Take the 2-minute tour ×
Cross Validated is a question and answer site for people interested in statistics, machine learning, data analysis, data mining, and data visualization. It's 100% free, no registration required.

I have two functions $f_x$ = $\frac{1}{2}\delta(x-5) + 1/4$ where the 1/4 corresponds to a uniform distribution from 5 to 7. I also have $f_{y|x}$ = $\frac {1}{2}\delta(y-x-4) + 1/4$ which is 1/4 in the range of x+4 to x+6. I am trying to find $f_y$ using the equation: $$ f_y = \int f_x f_{y|x} \,\mathrm dx \>. $$ My question is: How do I find the limits of this integration? I had thought something like integrating from $y-4$ to $y-6$ but that doesn't really seem correct.

share|improve this question
1  
Deficiencies in your notation may be causing some confusion. Presumably "$\delta$" represents the point measure at zero. Don't, however, conflate constants with uniform distributions! For instance, your first "$1/4$" could more explicitly be written as $1/4 I_{[5,7]}(x)$ where $I_A$ is the indicator function for a set $A$. (This is a guess: I presume you intend $f_x dx$ to be a probability measure.) When you do this, the limits of integration do not matter: all integrals can be viewed as being over the entire Real line. –  whuber Jan 14 '13 at 15:24
    
Right, sorry I'm bad about leaving out specifics sometimes. I understand that ${\bf f_x}$ is only valid between 5 and 7 and that my ${\bf f_{y|x}}$ is valid only between x+4 and x+6. I think that this would mean that my resulting answer for ${\bf f_y}$ would only be valid between 9 and 13? I'm just not totally sure how to get there. –  nomad2986 Jan 14 '13 at 17:38
    
I think confusion may arise in part due to your notation. When you write $f_{y|x}$, it reads as though you are thinking of $y$ and $x$ as separate random variables drawn from a joint distribution. However, your narrative suggests that you intend for $y$ to be a function of $x$. In this latter case, once $x$ is known, $y$ is known: the distribution of $y$ conditioned on $x$ is a single point, $y(x)$. Which is it? –  Arthur Small Jan 14 '13 at 19:16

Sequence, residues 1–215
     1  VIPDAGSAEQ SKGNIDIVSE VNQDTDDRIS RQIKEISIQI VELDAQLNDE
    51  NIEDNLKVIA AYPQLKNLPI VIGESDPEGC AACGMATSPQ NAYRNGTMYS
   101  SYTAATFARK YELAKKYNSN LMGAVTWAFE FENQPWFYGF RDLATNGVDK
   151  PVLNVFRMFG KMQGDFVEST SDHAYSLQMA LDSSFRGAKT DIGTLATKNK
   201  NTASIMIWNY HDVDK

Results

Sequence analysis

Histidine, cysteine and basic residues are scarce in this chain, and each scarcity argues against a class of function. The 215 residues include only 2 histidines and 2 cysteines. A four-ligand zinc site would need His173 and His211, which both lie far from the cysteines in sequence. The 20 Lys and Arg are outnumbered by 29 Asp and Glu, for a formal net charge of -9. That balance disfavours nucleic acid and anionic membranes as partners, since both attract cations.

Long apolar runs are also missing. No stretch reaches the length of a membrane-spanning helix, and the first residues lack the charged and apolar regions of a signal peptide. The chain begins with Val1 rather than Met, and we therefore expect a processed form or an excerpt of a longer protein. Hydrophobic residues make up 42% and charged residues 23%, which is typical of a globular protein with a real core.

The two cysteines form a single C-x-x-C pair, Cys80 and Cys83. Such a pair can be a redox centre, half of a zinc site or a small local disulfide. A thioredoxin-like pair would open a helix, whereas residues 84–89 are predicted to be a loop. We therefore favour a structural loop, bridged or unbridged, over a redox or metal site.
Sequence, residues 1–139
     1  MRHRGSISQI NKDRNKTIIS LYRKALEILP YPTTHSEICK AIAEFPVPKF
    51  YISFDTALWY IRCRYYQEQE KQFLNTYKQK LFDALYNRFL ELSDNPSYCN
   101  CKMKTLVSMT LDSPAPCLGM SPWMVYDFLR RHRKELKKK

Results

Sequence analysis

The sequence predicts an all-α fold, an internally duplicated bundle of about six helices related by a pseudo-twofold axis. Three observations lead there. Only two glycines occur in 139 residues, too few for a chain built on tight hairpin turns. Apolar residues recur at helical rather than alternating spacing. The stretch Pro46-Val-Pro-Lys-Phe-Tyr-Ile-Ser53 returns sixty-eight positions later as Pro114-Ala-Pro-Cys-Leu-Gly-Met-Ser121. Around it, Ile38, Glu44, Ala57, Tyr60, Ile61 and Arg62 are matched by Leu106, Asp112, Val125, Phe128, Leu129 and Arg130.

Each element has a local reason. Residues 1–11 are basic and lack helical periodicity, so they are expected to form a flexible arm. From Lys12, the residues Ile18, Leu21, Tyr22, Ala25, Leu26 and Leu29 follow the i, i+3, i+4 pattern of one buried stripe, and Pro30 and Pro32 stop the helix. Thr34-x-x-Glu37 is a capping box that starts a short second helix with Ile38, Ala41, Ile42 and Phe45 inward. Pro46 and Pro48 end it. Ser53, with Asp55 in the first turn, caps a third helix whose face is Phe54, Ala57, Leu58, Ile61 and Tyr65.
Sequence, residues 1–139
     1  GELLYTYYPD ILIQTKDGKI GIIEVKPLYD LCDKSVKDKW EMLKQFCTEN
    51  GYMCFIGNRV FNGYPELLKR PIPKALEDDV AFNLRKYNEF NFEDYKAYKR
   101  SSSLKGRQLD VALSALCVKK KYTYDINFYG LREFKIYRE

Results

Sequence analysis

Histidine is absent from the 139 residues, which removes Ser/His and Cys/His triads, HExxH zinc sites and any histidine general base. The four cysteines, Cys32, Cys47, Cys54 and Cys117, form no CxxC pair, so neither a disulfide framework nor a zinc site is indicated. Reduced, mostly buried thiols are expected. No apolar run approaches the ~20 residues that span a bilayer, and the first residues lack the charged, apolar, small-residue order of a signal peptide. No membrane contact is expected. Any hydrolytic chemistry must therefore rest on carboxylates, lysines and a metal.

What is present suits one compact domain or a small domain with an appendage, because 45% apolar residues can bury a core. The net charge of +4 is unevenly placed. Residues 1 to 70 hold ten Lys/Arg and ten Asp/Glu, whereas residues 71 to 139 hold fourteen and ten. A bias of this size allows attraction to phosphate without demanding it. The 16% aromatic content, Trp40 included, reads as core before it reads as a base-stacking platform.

1  
So your model could be written: $x_1 \sim Unif(5,7)$, $x_2 \sim Unif(4,6)$, $y=x_1+x_2$; and your question is, What is the distribution of $y$. Is this correct? –  Arthur Small Jan 14 '13 at 20:12
1  
If so, and if $x_2$ does not depend on $x_1$ in any way, then the answer's pretty obvious: $y \sim Unif(9,13)$. –  Arthur Small Jan 14 '13 at 20:15

1 Answer 1

up vote 2 down vote accepted

@whuber is correct on both counts (and should be given credit for an accepted answer, imho).

In general, to derive a marginal distribution, you integrate the joint distribution over the entire support of the variable you are integrating out. In this case, integrating wrt $x$ over the entire real line gives the correct answer.

Working from first principles: recall how a conditional distribution is defined in terms of a joint distribution:

$f(x,y) = f(y \mid x) f(x)$

The marginal distribution of $y$ is given by integrating out $x$ over its entire support (the closure of the set on which $x \ne 0$). You get the same answer if you integrate over the entire real line:

$f(y) = \int_\mathbb{R} f(x,y) dx = \int_\mathbb{R} f(y \mid x) f(x) dx$.

share|improve this answer

Your Answer

 
discard

By posting your answer, you agree to the privacy policy and terms of service.

Not the answer you're looking for? Browse other questions tagged or ask your own question.